Nutrition: The provision of necessities (e.g., nutrients) to cells and organisms to support life.
Genetics/Genomics: The science of genes, heredity, and variation in living organisms.
Nutritional Genomics: The science of interrelations among the genome, nutrition, and health.
Imagine the following scenario:
You are 40 years old, and a month ago, you had a routine checkup at your doctor’s office. They collected blood samples to measure your cholesterol levels. You have a recent family history of cardiovascular disease (CVD). Both your parents have high LDL (“bad”) cholesterol levels, and low (“good”) HDL cholesterol levels. So, your doctor really wanted to make sure that your cholesterol levels were in the normal ranges.
Test results showed that you also have high LDL cholesterol levels, a significant risk factor for CVD. The doctor is stumped. He sees that you eat a well-balanced, healthful diet, and exercise regularly. You do not smoke, and rarely consume more than a few drinks of alcohol in a week’s time. Your lifestyle habits are essentially perfect—or are they?
Your doctor has an idea. He tells you to pull out your electronic genome profile card, which informs him what genes you have. He notices you have a specific variation in the apolipoprotein E (APOE) gene, corresponding to the APOE protein—which helps hold together lipoproteins such as LDL and HDL—predisposing you to a greater risk of high LDL cholesterol levels.
You see, genes are the starting point for the synthesis of all body proteins, and variations in these genes lead to variations in protein structures and functions. Without going into detail, this means that the APOE protein you express from your APOE gene results in significantly higher LDL cholesterol levels from similar amounts of dietary fat intake than someone who does not have the specific APOE gene variant you have.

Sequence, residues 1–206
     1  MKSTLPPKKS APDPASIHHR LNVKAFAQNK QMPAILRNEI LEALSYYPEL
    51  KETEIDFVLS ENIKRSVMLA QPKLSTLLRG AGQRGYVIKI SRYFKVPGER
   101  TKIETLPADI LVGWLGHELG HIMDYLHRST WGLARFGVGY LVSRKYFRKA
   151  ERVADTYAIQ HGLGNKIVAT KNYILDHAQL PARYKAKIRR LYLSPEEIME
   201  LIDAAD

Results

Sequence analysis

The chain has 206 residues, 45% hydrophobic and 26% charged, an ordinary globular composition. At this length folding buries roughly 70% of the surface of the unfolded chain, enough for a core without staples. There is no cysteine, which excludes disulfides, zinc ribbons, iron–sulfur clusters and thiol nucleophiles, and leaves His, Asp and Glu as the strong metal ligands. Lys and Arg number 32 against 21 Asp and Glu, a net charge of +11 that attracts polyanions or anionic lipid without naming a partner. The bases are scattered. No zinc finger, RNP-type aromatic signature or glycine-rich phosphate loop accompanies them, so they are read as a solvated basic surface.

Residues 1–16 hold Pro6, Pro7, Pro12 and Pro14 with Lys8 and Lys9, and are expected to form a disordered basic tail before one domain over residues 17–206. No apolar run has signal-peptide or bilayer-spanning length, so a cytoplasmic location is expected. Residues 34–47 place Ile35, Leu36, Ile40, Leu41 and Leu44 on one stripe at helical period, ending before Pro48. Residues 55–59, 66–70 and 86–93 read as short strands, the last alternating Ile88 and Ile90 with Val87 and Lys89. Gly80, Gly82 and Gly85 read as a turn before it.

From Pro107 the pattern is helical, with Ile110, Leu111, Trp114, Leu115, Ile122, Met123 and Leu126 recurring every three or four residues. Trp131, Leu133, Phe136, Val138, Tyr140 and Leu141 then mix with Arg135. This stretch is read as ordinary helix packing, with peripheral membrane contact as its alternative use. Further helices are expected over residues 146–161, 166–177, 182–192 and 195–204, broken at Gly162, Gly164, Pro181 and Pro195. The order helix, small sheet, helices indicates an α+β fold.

In other words, you need to eat less dietary fat than other individuals to maintain your cholesterol levels within the normal ranges, even if your dietary fat intake is not currently outside the population-based recommendations.
Your doctor informs you of this situation, and suggests that you try lowering your dietary fat intake for a little while. You follow this recommendation, and your next blood test three months later reveals LDL cholesterol levels on the lower end of the normal range!
The above scenario may seem unrealistic, and it may be a long way off. However, let me assure you, a time will come in the relatively near future when that scenario is reality. Once that happens, you will be able to receive personalized nutrition advice based on your genes and lifestyle habits, rather than the overgeneralized, broad nutritional recommendations currently used.
For example, instead of the “normal” recommended intake for folate of 400 micrograms, your genes may disagree, and say that you need 800 micrograms for optimal health and body functioning. In fact, modern research already has shown that specific variants of the methyltetrahydrofolate reductase (MTHFR) gene require higher dietary intakes of B-vitamins such as folate, vitamin B6, and vitamin B12 to maintain healthy homocysteine levels. High homocysteine levels increase the risk of CVD. Without knowledge about your genes, you would have no way of knowing whether higher B-vitamin intakes could be of any benefit.
The emerging scientific field described above is called nutritional genomics. It basically represents the study of interrelations among the genome (what specific variants of each gene a person has), nutrition/diet, and overall health.
We already are able to determine which gene variants a person has, but knowing if, when, how, and why specific gene variants differentially interact with diet to influence health is a much more complicated story. This knowledge will require much more scientific research and worldwide collaboration efforts.
Believe me, I am a realist, and all this sounds like hocus-pocus at this time, but hard-earned scientific knowledge and scientists’ determination will see it through to reality in the coming years.
I believe dieticians will be needed to fill a vital role in the nutritional genomics field to have full effect.